This entry is part 29 of 29 in the series Morning Porch Poems: Winter 2012-13


The letter I found was bone-yellow, blue
ink crusted grey on flimsy paper. Dear Uncle,
wrote his niece: we are well, we are taking kindly
to farm life. Away from the city, the children
are thriving. I let them play in the fields
with no fear they might get lost or run
over by speeding cars. My eldest boy goes
fishing with his father on weekends. They bring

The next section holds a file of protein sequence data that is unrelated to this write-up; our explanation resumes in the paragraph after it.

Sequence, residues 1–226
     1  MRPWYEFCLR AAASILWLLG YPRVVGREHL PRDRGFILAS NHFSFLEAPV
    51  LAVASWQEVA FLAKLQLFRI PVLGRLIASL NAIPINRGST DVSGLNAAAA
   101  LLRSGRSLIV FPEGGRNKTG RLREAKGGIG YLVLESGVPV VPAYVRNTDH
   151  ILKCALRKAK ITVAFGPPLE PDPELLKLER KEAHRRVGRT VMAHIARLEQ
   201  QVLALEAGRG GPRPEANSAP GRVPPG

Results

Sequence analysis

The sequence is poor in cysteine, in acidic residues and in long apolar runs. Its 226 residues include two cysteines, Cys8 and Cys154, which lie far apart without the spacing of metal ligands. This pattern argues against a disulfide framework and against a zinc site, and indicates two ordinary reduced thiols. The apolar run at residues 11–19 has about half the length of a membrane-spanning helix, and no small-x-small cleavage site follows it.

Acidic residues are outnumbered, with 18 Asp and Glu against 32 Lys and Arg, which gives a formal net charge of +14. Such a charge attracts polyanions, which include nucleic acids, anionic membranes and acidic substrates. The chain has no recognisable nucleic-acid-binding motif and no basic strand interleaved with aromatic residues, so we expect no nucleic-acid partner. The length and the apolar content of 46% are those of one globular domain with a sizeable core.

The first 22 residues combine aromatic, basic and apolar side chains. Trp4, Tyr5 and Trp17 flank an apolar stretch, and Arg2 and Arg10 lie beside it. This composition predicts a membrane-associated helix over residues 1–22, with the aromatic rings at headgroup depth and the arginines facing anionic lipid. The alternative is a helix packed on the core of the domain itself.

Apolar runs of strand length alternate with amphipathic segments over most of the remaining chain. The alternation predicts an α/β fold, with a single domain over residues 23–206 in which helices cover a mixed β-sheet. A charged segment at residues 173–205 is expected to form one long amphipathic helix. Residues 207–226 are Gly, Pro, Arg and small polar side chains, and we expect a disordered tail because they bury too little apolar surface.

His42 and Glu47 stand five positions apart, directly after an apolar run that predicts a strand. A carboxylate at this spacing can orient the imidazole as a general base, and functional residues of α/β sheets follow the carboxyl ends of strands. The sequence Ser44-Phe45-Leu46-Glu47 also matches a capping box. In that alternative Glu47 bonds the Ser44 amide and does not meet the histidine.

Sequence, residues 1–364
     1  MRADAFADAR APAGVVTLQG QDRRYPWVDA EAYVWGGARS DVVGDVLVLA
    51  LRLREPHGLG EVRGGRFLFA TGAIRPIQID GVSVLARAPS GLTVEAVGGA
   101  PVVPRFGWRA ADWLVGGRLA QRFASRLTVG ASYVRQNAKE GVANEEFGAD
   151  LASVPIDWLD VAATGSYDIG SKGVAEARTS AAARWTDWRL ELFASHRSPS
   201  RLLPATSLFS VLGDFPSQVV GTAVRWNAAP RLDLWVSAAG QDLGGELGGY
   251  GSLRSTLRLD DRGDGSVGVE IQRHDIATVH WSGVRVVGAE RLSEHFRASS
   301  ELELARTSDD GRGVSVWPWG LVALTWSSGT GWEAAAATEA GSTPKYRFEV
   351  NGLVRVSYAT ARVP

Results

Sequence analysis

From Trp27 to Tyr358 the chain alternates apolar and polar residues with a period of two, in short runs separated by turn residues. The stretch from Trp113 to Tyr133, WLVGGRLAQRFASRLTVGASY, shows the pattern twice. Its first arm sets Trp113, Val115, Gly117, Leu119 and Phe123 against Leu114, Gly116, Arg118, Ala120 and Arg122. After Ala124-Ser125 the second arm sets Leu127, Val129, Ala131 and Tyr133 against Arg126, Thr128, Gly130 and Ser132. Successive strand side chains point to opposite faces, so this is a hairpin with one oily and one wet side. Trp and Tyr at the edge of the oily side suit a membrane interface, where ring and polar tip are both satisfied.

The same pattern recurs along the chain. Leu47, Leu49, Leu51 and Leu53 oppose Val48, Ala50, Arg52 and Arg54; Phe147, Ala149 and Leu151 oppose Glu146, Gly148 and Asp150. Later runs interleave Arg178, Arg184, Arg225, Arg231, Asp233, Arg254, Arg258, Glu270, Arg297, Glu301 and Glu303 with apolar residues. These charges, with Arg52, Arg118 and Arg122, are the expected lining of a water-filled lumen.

back fish still thrashing in the pails. We hope
someday you will be blessed with children of
your own—

And in the last paragraph she asks about me,
ghost child of a publicly nameable father, child
of my mother’s hidden sister: little solemn one
in photographs the color of old maps, clutching
a spray of flowers and a doll. Some things,
even unknown, are true; some things lend
shade to the length of a life.


In response to an entry from the Morning Porch.

Series Navigation← <em>Nuthatch calls to nuthatch, wren to wren—</em>

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